Bloody Panda started off the show on time, which made me quite happy. Their brand of avante garde doom certainly isn't my cup of tea, but they put on a bizarre if not entertaining show. Yoshiko Ohara howled, chanted and screamed (the blood curdling variety) along with a crushing dirge of doom. Her counterpart, Gerry Mak, accompanied her in a dry throated rasp. Guitar player Josh Rothenberger smashed slow motion chords that evoked a harrowing atmosphere. Of most interest to me is the fact that Bloody Panda share a rhythm section with Krallice. It was fun to see Nick McMaster and Lev Weinstein plying something a little bit different from the high speed sauce they spew in Krallice. I spoke to Lev later on and asked him how he had the patience to play tunes so much slower than his usual fare. He said it was actually quite fun, if not cathartic, to do the doom thing; the crawling rhythms give him the opportunity to pound the living hell out of his drums on each beat.
Krallice set up quickly, since half their gear was already on stage. They kicked off their set well ahead of schedule. There's not much I can say about these guys that I haven't already said. Krallice are simply badass on stage. The sound was much better than their last outing at the Knitting Factory. The set consisted almost entirely of new songs. The musical minds in this band move faster than the gears of the music industry – they already have a new album in the can and are constantly looking to the future. Each of the new songs has a distinct personality and recognizable melodic movements. I can only imagine the next Krallice album will be another step on the steep slope of their upward trajectory.
Having said that, I'm starting to notice a certain tension in the crowds at their shows. Krallice are quickly gathering new fans who worship their recorded material in a way that only music fanatics can. When the band come out and play a set of new material, it can be disappointing to some of these folks who only want to hear their favorite songs. You know them; the guys who scream out song titles at the band throughout the set? The excellent “Time Husk” would have to satisfy them on this night.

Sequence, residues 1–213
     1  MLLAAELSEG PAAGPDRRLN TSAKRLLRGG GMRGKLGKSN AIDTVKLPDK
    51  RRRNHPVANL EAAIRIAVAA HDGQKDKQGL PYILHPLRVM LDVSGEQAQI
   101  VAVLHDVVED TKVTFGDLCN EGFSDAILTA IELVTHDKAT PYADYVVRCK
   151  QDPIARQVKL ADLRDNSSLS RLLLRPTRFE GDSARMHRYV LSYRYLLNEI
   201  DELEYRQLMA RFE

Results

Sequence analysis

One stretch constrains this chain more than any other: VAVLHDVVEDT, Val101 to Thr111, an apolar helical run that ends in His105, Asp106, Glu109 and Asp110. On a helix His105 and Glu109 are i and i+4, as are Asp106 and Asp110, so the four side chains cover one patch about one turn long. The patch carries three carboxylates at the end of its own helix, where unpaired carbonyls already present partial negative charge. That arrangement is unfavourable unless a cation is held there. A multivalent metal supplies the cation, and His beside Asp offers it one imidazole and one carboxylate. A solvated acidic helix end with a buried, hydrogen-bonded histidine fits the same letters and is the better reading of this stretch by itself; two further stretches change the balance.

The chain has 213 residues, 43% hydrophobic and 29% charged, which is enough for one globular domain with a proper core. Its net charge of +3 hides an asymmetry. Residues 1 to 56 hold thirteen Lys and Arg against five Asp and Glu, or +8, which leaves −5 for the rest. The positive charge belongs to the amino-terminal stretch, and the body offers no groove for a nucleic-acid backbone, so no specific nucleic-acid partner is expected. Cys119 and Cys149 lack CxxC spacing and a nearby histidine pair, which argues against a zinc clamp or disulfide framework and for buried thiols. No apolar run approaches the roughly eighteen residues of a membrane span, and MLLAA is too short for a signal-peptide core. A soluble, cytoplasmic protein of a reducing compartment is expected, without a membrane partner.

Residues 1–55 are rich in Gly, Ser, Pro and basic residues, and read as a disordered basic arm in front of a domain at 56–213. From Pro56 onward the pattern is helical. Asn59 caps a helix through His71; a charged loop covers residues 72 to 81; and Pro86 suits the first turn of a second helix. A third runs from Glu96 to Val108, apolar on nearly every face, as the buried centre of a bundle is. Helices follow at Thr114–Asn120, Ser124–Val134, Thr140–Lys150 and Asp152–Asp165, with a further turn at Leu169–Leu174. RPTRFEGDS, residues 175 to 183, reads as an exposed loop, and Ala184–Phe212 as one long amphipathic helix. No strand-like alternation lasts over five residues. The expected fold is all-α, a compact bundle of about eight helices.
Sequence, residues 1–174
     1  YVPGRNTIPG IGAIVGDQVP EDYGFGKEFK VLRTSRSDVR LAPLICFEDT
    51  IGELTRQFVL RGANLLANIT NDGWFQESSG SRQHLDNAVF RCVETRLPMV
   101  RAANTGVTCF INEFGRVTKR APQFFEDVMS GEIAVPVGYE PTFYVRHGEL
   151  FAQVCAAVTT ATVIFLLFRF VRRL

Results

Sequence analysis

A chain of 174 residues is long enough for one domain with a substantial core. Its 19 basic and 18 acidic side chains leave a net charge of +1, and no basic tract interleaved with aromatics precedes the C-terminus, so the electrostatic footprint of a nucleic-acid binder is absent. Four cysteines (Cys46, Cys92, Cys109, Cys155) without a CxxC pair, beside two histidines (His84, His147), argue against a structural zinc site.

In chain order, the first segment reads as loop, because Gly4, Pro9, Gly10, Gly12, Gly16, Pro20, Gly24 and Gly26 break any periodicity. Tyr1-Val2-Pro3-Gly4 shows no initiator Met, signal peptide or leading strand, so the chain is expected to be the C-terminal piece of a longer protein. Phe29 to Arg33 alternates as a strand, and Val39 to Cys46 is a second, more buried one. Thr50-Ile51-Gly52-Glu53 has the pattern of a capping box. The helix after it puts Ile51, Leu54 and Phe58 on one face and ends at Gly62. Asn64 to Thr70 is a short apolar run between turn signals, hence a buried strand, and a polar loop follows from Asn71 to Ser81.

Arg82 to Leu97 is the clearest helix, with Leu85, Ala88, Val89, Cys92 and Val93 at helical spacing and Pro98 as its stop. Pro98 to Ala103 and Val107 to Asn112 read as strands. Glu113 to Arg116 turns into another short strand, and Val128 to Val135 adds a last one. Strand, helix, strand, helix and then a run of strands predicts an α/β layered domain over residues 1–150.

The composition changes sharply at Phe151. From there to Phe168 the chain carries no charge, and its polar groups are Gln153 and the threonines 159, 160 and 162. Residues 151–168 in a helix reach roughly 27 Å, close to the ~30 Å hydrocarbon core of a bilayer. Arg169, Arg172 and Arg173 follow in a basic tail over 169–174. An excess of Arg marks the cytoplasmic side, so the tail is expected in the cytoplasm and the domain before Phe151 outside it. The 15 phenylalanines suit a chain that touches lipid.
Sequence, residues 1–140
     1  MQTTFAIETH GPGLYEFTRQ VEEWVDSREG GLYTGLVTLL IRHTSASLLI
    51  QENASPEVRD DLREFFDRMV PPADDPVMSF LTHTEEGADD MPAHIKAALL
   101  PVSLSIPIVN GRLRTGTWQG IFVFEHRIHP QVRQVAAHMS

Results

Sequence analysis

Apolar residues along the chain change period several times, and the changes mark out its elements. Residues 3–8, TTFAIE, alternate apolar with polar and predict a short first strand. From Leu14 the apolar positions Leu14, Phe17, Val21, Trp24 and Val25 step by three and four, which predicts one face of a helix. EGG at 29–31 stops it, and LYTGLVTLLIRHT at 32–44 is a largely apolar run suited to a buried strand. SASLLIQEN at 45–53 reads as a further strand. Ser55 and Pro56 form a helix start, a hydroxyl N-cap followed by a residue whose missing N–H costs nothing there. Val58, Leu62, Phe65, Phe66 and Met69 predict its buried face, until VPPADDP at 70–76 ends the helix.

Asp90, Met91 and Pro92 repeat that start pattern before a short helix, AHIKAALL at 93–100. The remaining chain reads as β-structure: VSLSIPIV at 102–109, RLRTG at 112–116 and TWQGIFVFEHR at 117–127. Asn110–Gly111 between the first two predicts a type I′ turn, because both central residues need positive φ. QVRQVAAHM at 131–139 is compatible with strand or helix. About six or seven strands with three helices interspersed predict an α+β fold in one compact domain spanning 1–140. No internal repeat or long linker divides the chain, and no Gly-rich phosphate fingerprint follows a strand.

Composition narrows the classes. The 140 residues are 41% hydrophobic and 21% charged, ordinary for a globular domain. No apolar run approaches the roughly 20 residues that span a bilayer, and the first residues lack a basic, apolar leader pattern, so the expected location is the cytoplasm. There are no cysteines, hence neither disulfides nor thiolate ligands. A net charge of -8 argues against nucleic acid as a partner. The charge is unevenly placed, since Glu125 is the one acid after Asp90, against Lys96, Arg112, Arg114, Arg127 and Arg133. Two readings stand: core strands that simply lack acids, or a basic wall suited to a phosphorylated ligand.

The changeover for Portal took quite a while, and during that time Jeanne and I were introduced to Seth of Baroque, Bleak, Brutal (and the band Gods of Fire) as well as Elise of Reign in Blonde. Very cool folks. It was great to meet more genial members of the metal blogger community. It was also interesting to get a completely different perspective on the bands playing this evening.
Portal's music has grown on me tremendously. My initial reaction upon hearing Swarth was probably par for the course; the album was outlandish, strange and off-putting. But in the end it won me over. The members of Portal came out on stage, as is their custom, in hoods and costumes that fully obscure their identities. I honestly don't care for the theatrics, but I can appreciate the value of a good stage show. The temperature in the Knitting Factory had risen incredibly over the course of the evening, to the point of distraction. Throughout Portal's set I kept wondering if these guys were going to pass out on stage from dehydration. The vocalist, The Curator, was draped in the most extensive set of robes, and he limited his movements to dramatic gesticulations. He drank water from a water bottle THROUGH his hood, which seemed impractical at best.